Category: Climbing resources

Climbing Yoga | … or being complimentary

Yoga is probably the most logical enhancement to a successful climbing career, particularly if you consider the long-term effect. Short-term simple cardio and peak performance training might bring you more immediate success and improvements. The effects of Yoga (Wiki) on your climbing are more subtle. While classical training techniques (see here: Lizenz zum Klettern (German)), focus on the generation of strenghts and blocking powers and uses the stretching techniques only to counterbalance the effects of those trainings, Yoga in my view takes a different approach, independent of the actual climbing training.
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Climbing Grades | EU – FR – US

Climbing Grades | EU - US - FR

Climbing Grades | EU – US – FR

Just to help you navigate through the grade jungle here a quick overview of the current grading scales, there exist several others (Norwegian, Australian, UK, etc.) but these are by far the most popular ones in the Americas and Europe-Mainland.

Climbing grades are not really objective numbers. The grades listed on the right include several dimensions like route style (slab, wall, overhang, etc.), size of the crimps, quality of the footholds, distance and complexity of the movements, etc.
However what all the grading scales on the right do not include is the mental and security component of the climb, e.g. is the protection sufficient or do you die before reaching the first or second bolt, or how stable are the moves in relation to the protection given. Is the route protected with anchors or bolts or at least protectable with your own gear. The only climbing scales that do include the above mentioned features are the British, the Alpine and in part the Australian system. Both systems are not used outside of their local areas. That is in part due to the peculiar style of climbing in the UK which per default includes precarious routes with limited to no protection possibilities.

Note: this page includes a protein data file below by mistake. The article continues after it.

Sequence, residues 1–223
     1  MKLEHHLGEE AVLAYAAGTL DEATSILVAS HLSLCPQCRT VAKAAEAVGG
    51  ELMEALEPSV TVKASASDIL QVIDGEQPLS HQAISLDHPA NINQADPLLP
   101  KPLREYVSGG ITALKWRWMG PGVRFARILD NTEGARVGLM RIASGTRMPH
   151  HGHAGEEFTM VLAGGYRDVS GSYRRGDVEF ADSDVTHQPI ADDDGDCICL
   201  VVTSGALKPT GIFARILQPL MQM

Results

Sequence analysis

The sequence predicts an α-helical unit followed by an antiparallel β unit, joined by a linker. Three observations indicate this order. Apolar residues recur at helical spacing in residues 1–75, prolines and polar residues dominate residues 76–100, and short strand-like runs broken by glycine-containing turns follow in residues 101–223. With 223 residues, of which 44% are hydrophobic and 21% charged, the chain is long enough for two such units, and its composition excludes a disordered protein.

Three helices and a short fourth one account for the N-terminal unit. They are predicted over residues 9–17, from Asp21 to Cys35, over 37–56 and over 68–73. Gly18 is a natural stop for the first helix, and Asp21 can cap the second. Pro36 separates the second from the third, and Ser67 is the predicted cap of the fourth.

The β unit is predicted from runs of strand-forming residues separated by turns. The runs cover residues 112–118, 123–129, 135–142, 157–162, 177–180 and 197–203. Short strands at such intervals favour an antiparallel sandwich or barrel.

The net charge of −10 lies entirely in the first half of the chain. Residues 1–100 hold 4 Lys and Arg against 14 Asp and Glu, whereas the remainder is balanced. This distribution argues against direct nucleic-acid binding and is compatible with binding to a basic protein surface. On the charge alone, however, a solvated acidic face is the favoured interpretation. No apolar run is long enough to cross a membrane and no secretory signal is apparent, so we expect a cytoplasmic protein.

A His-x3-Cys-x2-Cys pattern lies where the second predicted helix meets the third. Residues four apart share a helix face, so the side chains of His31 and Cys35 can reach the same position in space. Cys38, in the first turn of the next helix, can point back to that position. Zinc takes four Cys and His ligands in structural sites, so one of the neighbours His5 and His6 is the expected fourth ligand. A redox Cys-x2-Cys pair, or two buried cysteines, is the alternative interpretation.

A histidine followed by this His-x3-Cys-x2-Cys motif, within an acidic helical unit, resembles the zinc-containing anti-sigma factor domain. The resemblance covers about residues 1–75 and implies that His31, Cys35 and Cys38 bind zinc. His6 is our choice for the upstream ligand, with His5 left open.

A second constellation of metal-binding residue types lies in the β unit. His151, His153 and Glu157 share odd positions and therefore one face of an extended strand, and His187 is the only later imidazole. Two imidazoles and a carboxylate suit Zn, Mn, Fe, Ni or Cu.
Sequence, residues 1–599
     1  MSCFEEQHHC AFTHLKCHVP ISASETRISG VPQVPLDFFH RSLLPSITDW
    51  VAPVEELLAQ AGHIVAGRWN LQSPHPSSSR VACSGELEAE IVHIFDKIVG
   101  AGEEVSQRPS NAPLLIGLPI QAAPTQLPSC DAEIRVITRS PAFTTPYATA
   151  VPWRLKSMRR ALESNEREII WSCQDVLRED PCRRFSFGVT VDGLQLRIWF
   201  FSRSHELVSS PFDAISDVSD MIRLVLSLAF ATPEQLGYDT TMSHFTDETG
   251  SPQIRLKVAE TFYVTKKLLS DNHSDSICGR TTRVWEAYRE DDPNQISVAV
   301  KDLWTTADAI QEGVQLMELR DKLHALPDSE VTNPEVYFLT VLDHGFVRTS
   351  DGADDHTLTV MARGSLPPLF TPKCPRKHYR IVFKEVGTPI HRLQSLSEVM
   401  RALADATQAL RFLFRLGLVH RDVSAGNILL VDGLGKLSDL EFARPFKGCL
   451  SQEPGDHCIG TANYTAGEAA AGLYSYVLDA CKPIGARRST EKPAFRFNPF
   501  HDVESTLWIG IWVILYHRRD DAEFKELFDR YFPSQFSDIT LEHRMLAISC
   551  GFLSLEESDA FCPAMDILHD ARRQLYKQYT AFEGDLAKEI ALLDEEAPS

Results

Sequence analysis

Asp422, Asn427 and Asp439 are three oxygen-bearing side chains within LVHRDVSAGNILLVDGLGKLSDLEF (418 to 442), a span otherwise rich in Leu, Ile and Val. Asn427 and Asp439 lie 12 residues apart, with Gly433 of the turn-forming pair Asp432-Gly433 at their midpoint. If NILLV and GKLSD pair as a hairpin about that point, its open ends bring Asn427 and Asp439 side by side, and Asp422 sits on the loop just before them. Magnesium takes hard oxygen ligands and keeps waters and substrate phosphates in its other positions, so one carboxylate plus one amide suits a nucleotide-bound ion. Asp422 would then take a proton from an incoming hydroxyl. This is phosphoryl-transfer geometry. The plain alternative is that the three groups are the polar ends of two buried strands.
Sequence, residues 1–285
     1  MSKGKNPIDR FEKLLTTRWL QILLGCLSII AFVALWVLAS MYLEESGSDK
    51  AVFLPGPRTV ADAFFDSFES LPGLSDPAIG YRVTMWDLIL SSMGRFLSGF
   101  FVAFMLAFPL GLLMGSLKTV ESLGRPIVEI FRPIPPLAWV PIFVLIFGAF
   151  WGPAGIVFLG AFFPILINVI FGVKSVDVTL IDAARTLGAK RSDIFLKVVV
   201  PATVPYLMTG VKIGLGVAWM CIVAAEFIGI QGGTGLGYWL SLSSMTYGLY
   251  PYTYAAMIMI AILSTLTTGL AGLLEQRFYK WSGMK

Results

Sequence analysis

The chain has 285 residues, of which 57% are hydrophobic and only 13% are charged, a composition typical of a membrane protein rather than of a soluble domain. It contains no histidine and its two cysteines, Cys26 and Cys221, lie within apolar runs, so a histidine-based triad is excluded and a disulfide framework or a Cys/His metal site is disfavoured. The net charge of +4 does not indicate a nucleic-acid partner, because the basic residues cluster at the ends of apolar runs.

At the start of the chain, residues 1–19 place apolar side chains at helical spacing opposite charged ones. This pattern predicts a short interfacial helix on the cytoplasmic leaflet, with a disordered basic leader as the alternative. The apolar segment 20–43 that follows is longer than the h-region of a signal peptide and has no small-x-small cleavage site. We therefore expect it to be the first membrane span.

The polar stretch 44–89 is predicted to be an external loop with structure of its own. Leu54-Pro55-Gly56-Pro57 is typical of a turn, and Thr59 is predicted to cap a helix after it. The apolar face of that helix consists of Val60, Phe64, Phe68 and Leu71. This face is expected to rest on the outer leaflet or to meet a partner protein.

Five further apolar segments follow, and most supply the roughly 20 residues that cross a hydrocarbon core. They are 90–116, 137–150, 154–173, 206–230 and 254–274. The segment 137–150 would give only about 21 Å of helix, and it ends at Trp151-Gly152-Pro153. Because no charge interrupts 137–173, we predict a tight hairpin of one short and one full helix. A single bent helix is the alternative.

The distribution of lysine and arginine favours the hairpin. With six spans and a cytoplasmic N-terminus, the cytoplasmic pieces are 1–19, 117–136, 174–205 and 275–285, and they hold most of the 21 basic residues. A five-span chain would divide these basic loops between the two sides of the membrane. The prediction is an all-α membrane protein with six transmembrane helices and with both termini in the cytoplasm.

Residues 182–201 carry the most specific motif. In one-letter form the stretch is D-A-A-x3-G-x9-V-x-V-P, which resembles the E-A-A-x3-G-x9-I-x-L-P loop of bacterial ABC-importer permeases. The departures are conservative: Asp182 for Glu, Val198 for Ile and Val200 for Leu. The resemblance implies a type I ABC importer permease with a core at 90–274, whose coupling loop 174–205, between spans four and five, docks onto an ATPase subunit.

You sometimes wish that the scales on the right would also reflect a mental or protection component, as this does not mean in routes with those scales you do not encounter massive mental challenges or issues with the protection. However in cases where the scales on the right are used you need to rely on good guidebooks with comments about the quality of the rock, the protection or potential run-outs. In part that makes the UK system kind of fairer and more predictable, but far from less dangerous. So always scout the routes (e.g. the bolts, their distance and quality) and the area (e.g. for fallen rocks). Particularly in areas exposed to extrem weather conditions watch out for rusty anchors or chains. In all circumstances check the distance to the first bolt and judge the toughness of the route until that point as well as the area below the route, also check the 2nd and 3rd bolt, particularly in areas such as Palatina and the Altmuehltal in Germany the first bolt can be deceitful and even a fall below the 2nd or 3rd bolt can mean certain injury, so make sure you can climb the grade in your sleep and fully control it.

In general climb responsibly and base the risk on your capabilities!

Climbing Videos | Motivation

The Swarm | Amate Films Production, 2012

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